Health & Fitness Lifestyle

Kleptomania: when the mind steals

It is a mental disorder that is difficult to recognize and that generates social alarm, but kleptomania has a meaning that must be understood: here it is

Every so often in the newspapers we read of a person reported for theft and turned out to be a kleptomaniac. The etymology of the word kleptomania can be traced back to the Greek kleptein, meaning “steal” and manìa, meaning psychopathology, neurosis. A kleptomaniac is someone who, driven by an uncontrollable impulse, seems “forced”, even without reason and / or need, to steal. If established, kleptomania is a cause of non-punishment in our jurisprudential system, since it is a diagnosable disorder according to the criteria of the DSM V (the most widely used diagnostic manual on mental disorders in the world). In particular, it is included among the disruptive behavior, impulse control and conduct disorders.

Those who steal and suffer from this disorder generally steal objects of little value which, often, they then throw away or give away: the kleptomaniac does not steal for profit or out of need, unlike professional thieves. It is possible to say that those who suffer from this disorder, on an unconscious level, want to be discovered and punished because of their antisocial desires: they know very well that what they do is against the law but the pleasure they feel for the theft pushes them to eliminate any restraint. or inhibition.

Kleptomania, a very dangerous gratification …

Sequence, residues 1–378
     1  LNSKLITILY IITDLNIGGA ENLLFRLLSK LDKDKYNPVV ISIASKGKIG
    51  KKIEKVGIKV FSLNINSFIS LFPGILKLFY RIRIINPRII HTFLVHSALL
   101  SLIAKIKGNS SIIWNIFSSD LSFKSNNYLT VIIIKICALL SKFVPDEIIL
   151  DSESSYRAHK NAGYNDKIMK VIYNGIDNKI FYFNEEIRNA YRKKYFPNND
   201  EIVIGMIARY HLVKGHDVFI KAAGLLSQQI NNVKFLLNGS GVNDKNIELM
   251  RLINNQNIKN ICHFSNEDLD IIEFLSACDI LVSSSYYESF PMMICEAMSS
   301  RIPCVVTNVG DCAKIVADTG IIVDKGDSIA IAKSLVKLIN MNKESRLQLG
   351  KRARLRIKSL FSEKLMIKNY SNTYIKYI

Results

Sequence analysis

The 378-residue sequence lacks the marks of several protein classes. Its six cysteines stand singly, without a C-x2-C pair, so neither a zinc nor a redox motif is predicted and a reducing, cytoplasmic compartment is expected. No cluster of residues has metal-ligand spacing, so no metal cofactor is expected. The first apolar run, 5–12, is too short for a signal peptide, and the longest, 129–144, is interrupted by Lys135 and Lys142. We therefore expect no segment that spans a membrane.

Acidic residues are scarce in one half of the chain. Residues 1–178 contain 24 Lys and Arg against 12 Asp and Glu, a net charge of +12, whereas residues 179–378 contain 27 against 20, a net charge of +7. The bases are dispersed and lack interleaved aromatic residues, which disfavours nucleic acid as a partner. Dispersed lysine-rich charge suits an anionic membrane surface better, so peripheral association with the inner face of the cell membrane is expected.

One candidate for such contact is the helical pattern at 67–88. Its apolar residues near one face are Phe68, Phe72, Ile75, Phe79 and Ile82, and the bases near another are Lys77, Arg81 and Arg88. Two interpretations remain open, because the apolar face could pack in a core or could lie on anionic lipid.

A reliable hypothesis is therefore that the kleptomaniac steals to indulge in what is forbidden, bad things are not so simple: the tension of theft certainly provides a psychological pleasure that can be addictive, but the stolen object is also symbolic of the affection that it is believed to have not had enough or that to the kleptomaniac it seemed impossible to obtain normally. With theft one returns, paradoxically and pathologically, to normality, both social and emotional, that is, a void is compensated with the dexterity of theft while knowing, on the other hand, to deserve with this a punishment that, in the long run, very often arrives.

He is not treated with drugs

Kleptomania (found mostly in women) is the indicator of a lack of functionality of the psyche and is associated with other disorders such as depression or dissociation. In the United States, a path of pharmacological treatment has been tried, with poor results, while the most appropriate treatment that obtains greater results is psychotherapy, able to restore the person a more stable adaptation, increasing inner well-being, and freeing him from this disorder can make life complicated and painful.

To overcome it you need to understand

The mind does many acts that are counterproductive and harmful, but we must not stop dealing with them and asking ourselves the meaning: we do nothing at random and therefore there are profound reasons for our action. If sometimes it apparently harms us, it is necessary first of all to accept that we are what we are, while the second step is to understand by looking without prejudice into the images that our unconscious produces. Only in this way is it possible to take away from them that intrusiveness and violence that make us suffer.

Hermés (the Mercury of the Romans) was considered, among the ancient Greeks, also the patron god of thieves and liars; however, he was above all the messenger of the gods and an intermediary between Hades (the underworld) and Olympus, between silence and word, between darkness and light. It can therefore be said that therapy, using words and encouraging images that arise from the depths, fulfills its task precisely by helping us to eliminate the prejudices with which we usually observe ourselves. In the case of kleptomania it can also be said that more than theft it is a lack of communication: by removing space for misunderstandings, the space for inner freedom is increased.

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